When I first arrived there, I was having a very difficult time. I was suffering from dissociative episodes, in which I would lose touch with reality for a while. The best way to briefly explain that, for people who don’t know, is that my body couldn’t take the strong emotions I dealt with on a day to day basis, and so my mind shut down as a manner of self-defense against those feelings. It was a scary time for me, and most definitely for my loved ones. Germaine Lawrence helped me develop coping skills to combat my dissociative tendencies. For example, as strange as it sounds, I used carry around frozen oranges on days when I was having a rough time. The coldness in my hand helped keep me aware and present. Coping mechanisms like this enabled me to remain in a rational state of mind, and I still use them on days when I feel emotionally overwhelmed. However, I am happy to say that I have not suffered from a dissociative episode for a few years now thanks to the skills I developed at Germaine Lawrence, along with years of practice in identifying my emotions and handling them safely and effectively.

Germaine Lawrence also did a wonderful job at working with my family. I didn’t know how to communicate when I was struggling to my parents. It was painful to talk about, and I can imagine that they didn’t enjoy hearing about it either. The staff helped me come up with a scale, and corresponding coping skills, that made check ins much easier. Instead of asking how I was doing, my mother could simply ask what number I was on my scale. This helped astronomically with our communication, and enabled her to help me help myself.

Towards the end of my stay at Germaine Lawrence, I had made improvements but I was still having a hard time. I had a massive support network, yet each day was a battle. I would get through the day, go to sleep, wake up and fight again. However, after a visit with my younger brother I had what I like to call a treatment epiphany. I didn’t want to spend my life in treatment centers. I wanted to stop surviving, and starting living my life. I knew I had a long way to go, but I found the extra strength I needed to start pushing towards my recovery goals. The ultimate goal? To get discharged, and never have to come back. I left Germaine Lawrence during the December of 2011, and I have been self-harm free ever since. It was a long road to recovery that I am still walking, but with the love of my family and the support I receive through therapy and Youth Villages LifeSet, I know it’s only up from here. I am not weak because of my past. I am wiser, less selfish, and more determined to make a change because of it.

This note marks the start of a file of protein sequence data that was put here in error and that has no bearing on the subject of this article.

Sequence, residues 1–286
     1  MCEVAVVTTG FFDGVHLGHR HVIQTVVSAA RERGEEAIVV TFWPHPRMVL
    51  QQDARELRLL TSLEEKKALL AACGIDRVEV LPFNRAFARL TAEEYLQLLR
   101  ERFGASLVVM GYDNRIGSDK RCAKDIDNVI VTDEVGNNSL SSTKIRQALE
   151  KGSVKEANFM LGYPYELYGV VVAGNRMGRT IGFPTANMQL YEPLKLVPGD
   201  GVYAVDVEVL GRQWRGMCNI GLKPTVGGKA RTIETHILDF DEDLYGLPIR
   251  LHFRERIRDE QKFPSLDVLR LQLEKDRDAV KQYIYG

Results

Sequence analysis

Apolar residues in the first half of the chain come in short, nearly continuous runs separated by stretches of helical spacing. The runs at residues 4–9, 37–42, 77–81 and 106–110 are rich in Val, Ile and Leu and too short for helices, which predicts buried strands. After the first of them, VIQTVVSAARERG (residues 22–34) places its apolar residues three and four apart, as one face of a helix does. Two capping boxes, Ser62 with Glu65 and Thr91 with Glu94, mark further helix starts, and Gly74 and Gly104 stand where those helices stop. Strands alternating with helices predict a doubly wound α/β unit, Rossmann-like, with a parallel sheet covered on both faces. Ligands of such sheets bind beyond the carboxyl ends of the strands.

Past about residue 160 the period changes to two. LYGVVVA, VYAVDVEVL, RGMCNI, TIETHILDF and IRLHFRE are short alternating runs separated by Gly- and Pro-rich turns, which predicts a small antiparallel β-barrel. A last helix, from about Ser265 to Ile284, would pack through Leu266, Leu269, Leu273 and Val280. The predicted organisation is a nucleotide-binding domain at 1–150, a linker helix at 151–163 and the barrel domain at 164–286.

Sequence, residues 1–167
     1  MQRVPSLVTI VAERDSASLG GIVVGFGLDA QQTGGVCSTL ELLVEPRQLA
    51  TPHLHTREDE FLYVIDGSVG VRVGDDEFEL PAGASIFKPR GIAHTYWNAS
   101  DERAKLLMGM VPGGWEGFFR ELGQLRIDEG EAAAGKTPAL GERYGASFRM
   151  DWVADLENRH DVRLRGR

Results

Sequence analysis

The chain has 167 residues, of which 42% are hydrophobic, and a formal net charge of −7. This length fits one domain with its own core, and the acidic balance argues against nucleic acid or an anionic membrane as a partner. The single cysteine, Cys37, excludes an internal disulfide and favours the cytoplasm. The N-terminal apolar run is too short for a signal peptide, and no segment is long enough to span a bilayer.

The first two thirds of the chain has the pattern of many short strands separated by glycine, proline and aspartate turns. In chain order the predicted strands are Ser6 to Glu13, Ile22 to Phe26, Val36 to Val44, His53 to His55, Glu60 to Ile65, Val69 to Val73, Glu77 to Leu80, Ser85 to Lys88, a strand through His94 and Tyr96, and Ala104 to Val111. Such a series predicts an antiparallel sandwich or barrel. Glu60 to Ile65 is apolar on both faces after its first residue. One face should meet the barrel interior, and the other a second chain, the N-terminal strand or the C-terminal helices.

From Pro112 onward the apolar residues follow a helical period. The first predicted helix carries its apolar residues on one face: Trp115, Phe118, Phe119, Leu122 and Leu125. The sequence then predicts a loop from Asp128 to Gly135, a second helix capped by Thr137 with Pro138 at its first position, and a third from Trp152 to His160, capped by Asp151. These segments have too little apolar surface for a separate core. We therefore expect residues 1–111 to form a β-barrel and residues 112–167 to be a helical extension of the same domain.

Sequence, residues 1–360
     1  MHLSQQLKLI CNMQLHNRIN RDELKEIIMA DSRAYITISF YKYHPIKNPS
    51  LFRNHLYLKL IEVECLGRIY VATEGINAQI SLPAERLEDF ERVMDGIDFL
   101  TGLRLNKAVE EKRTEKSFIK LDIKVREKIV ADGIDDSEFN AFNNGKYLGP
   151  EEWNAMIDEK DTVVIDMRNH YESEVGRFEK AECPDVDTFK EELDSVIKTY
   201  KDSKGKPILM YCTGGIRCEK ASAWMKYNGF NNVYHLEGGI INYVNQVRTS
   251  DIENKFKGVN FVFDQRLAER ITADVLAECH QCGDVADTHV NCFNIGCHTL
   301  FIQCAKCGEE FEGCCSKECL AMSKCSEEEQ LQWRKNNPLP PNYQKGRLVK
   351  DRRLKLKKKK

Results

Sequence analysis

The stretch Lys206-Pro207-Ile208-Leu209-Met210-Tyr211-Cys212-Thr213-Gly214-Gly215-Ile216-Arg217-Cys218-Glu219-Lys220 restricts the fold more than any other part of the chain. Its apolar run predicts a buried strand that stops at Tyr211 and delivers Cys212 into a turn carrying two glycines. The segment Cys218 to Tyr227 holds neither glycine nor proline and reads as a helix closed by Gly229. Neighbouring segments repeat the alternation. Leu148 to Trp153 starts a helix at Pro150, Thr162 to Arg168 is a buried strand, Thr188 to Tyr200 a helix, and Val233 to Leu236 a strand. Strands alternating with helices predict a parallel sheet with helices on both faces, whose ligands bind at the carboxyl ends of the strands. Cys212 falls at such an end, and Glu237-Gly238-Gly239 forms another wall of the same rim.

I am a success story, and while it is easy to just look at that fact, the sad thing is that many young women and men are not. I have personally lost friends to depression and suicide. Friends who attended the same treatment programs I did. The issue is not in the residential programs that exist, but rather a lack of support upon discharge from the hospital. Leaving a residential unit does not mean someone is all better. Therapy is not always enough support to continue progressing in treatment. I had an amazing team of people fighting along with me, and I still struggled sometimes. Mentoring programs and organizations like Youth Villages can be the difference between improvement and regression.

Youth Villages has helped me to cultivate who I am as an individual and grow into an independent adult. If you ask my parents, they will tell you I am a much more self-reliant person now than I ever have been. I am happy, healthy, and at a point where I can start using my experience to help others. I personally want to thank the women who are being recognized today for all the hard work they are doing. You are providing a necessary support to numerous children, and helping them make better lives for themselves for the future. Works like these do not get recognized enough, and as someone who has relied on similar programs, thank you.

Thank you.